There are variations on other types of example-based learning, such as the uses of examples for problem solving (Example-Problem-Based-Learning or “EPBL”), which suggests that it is possible to prepare learners to face future complex challenges by exposing them to similar problems that have arisen in the past. If there is some equivalency of context or challenge, the learning may prepare learners to face future challenges. Example-problem-based learning is built on two practices: worked examples (examples which an expert subject matter expert or “SME” demonstrates how to solve step-by-step), and problem-solving. Worked examples are beneficial to novice learners, and after a period of preparation, they advance to actual problem solving:

”After they have gained sufficient knowledge, worked-examples may no longer be appropriate because the positive effects of worked-examples will be lost. Therefore, learning through problem-solving should be applied since students have already equipped themselves with profound domain knowledge. Established in an experiment conducted, the EPBL teaching method enhances students’ knowledge acquisitions, learning transfer, and mental effort during learning, as well as increasing their learning efficiency.” (Jalani & Sern, 2015, p. 872)

Oftentimes, in complex learning contexts, difficult problems are set up for groups of learners to mitigate excessive cognitive loads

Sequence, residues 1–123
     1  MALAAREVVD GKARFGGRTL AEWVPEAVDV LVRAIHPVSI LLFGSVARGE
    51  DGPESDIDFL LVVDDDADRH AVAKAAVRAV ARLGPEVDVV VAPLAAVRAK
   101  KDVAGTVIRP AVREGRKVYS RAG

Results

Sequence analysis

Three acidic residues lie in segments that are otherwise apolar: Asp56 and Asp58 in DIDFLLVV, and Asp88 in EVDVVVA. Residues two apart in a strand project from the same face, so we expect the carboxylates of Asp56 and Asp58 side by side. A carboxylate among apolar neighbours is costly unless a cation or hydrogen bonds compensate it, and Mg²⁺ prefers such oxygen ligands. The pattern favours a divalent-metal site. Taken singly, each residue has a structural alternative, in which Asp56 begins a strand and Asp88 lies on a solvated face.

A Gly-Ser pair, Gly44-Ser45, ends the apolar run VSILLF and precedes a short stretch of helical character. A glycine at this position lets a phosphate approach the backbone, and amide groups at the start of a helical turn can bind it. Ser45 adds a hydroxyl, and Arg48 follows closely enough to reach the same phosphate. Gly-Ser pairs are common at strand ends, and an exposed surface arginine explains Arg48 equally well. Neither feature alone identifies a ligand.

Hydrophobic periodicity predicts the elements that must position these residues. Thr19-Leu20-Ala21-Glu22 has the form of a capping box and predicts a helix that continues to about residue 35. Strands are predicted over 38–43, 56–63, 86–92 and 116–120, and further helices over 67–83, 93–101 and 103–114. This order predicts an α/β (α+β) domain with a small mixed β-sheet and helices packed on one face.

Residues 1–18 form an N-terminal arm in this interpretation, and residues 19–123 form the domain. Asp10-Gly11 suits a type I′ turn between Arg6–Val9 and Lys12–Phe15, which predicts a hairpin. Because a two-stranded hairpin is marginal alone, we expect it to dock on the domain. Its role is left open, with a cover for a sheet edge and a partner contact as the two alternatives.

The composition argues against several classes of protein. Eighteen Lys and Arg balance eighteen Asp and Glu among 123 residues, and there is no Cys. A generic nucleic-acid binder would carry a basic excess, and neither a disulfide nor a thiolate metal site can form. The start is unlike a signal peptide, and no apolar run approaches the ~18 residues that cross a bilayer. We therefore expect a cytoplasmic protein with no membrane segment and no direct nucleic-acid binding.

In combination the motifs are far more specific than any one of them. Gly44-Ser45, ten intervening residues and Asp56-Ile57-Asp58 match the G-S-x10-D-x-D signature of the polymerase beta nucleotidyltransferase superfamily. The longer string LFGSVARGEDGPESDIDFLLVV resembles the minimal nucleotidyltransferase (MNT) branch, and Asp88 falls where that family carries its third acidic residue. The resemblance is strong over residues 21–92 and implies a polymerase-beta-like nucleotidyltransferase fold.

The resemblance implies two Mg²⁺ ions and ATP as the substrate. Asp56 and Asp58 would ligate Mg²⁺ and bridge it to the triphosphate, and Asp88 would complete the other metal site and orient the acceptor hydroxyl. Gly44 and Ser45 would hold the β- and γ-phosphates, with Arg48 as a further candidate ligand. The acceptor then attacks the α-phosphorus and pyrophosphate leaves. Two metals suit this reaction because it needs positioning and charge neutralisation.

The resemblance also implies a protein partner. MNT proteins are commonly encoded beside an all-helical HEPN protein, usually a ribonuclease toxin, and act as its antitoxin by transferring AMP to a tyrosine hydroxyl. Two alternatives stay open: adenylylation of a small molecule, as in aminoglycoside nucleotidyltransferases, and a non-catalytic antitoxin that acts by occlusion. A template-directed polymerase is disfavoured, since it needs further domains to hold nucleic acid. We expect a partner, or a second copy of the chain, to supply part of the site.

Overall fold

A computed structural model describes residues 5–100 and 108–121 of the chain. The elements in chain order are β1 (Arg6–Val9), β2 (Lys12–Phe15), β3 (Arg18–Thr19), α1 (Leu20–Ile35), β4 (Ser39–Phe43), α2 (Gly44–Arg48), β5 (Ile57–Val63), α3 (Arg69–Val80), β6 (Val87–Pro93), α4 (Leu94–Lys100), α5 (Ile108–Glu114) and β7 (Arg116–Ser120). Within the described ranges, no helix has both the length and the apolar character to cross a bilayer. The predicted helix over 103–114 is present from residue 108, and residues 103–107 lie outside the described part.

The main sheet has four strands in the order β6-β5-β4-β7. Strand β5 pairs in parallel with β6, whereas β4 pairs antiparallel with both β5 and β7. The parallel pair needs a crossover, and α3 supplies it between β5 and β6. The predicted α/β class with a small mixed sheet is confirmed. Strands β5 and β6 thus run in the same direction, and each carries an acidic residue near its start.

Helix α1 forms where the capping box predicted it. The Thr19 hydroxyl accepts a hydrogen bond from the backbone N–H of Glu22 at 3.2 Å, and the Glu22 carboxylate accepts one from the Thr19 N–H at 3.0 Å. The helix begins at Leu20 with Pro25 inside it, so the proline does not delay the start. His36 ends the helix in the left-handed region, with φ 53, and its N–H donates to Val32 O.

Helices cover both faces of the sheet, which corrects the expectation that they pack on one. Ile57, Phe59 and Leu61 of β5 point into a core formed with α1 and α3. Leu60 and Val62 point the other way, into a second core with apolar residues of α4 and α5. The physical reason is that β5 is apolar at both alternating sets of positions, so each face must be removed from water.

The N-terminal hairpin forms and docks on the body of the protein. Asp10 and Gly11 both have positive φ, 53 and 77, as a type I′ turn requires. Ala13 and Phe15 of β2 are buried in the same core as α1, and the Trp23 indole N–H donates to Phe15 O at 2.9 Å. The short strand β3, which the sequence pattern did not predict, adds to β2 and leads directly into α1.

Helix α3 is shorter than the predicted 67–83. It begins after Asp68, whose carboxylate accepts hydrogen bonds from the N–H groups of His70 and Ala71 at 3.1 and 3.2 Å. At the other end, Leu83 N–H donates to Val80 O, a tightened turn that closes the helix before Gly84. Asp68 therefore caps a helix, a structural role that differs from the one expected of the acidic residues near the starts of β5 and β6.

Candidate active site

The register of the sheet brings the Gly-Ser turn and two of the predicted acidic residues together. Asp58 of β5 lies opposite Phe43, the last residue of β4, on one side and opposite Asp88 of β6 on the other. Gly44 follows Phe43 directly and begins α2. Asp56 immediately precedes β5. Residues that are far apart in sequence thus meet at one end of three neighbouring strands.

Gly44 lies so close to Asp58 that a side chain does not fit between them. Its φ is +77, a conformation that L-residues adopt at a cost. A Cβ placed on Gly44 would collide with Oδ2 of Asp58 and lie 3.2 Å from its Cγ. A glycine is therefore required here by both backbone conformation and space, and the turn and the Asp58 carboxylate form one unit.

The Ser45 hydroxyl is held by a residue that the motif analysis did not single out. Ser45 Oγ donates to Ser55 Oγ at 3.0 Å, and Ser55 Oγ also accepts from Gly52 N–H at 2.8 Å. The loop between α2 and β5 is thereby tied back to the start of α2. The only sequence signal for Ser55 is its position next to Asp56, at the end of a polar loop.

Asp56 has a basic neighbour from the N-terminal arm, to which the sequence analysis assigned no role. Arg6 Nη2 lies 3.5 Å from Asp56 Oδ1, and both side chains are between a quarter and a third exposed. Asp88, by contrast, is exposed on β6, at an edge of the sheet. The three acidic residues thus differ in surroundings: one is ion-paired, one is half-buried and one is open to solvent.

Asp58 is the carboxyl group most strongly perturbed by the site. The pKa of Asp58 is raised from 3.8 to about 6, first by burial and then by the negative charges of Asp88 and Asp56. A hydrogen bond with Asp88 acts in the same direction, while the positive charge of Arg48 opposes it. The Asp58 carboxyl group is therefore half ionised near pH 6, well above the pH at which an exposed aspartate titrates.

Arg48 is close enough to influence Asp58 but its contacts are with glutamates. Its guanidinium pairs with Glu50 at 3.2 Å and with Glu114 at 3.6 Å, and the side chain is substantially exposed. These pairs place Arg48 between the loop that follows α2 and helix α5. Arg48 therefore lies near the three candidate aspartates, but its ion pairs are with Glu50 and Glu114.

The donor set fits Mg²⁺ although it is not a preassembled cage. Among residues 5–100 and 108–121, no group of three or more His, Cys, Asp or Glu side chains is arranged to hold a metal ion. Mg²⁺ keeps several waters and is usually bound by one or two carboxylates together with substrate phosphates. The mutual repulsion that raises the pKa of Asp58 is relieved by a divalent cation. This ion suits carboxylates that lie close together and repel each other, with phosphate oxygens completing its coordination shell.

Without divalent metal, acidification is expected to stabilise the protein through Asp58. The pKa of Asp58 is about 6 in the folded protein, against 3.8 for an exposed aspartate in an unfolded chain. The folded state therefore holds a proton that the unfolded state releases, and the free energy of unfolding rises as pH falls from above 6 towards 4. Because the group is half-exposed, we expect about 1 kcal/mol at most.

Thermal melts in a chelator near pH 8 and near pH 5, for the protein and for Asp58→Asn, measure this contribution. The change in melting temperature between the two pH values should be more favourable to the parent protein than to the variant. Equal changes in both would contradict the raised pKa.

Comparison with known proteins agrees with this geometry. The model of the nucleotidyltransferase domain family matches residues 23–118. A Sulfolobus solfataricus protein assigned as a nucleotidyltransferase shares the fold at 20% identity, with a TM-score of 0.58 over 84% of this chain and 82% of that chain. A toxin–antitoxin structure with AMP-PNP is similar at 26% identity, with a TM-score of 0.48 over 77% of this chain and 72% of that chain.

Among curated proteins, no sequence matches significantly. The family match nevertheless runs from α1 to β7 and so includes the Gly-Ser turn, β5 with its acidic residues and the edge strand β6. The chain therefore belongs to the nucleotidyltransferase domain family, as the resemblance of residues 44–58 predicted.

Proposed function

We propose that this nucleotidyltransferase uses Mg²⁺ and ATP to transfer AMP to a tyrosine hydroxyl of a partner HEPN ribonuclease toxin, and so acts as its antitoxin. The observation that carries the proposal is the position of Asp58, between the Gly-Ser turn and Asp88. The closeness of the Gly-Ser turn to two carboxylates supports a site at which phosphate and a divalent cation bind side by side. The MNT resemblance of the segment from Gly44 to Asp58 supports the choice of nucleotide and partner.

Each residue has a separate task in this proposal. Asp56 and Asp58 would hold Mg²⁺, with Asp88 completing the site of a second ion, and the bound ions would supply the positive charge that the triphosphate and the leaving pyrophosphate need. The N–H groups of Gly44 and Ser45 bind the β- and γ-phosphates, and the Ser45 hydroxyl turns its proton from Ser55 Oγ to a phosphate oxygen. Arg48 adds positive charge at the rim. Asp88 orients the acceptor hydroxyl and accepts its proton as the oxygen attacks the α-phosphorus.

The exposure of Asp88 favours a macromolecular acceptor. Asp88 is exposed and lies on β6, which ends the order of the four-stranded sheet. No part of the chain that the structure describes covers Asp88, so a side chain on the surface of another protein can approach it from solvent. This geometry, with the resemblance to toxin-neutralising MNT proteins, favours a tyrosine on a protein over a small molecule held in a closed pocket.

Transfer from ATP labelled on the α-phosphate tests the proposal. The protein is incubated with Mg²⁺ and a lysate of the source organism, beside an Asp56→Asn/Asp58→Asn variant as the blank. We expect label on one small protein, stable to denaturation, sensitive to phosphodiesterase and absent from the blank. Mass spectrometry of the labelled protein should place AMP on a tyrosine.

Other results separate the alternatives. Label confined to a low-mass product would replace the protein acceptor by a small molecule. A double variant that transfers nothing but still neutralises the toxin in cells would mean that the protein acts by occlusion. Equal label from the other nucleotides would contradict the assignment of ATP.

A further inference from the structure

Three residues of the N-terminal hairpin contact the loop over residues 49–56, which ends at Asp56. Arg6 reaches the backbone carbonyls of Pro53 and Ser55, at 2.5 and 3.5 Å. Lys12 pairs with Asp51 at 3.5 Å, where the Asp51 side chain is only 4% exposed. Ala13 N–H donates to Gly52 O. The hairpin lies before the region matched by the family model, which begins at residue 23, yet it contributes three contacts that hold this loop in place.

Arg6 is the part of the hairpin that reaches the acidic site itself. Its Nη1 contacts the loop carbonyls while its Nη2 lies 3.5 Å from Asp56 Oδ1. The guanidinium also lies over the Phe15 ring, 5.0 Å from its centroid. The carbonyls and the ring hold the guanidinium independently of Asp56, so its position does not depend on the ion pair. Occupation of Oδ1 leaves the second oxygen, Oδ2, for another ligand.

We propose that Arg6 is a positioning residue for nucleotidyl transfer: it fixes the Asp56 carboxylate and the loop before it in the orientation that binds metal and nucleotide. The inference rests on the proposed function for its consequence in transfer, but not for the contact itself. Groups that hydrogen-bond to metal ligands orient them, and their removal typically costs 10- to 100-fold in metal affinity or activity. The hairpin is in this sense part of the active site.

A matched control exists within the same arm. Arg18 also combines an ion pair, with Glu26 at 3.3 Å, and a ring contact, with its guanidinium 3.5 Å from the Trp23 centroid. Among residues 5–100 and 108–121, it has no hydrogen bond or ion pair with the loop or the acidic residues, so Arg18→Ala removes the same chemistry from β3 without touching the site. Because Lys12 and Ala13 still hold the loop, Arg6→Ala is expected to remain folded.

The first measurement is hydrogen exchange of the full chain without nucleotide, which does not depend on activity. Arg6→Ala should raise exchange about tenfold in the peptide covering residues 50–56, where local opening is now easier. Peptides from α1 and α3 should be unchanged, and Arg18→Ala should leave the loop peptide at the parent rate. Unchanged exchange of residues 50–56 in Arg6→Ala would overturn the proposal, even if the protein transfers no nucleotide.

”Besides problem-solving which generates an extraneous load, higher difficulties and complexities of the learning content also results in high intrinsic loads. If the intrinsic or extraneous load is high, limited working-memory resources are insufficient for the learning task. Therefore, the limitation of working-memory capacity at the individual level is considered an important reason why complex learning tasks must be completed in groups rather than individually” (Jalani & Sern, 2015, p. 878).

Applied learning theories related to the uses of examples do not come in a neat package. There has long been the idea of “learning by example” (Bandura, 1971, p. 1, as cited in Renkl, 2013, p. 7), which suggests that expert demo-ing of processes may be helpful for novice learners. Cognitive theory has informed the use of examples to trigger self-explanations from learners, who may infer insights from the examples they see. Some common related practices to example-based learning include worked examples, observational learning, and analogical reasoning in one theorist’s integrative theory (Renkl, 2009).

Examples play a key role in learning in complex domains: “Reduce extraneous load by employing examples, maximize germane load by fostering self explanations, prevent cognitive overload by pretraining in the case of difficult learning materials, and by focusing attention on the most relevant aspects” (Renkl, Hilbert, & Schworm, 2009, p. 67).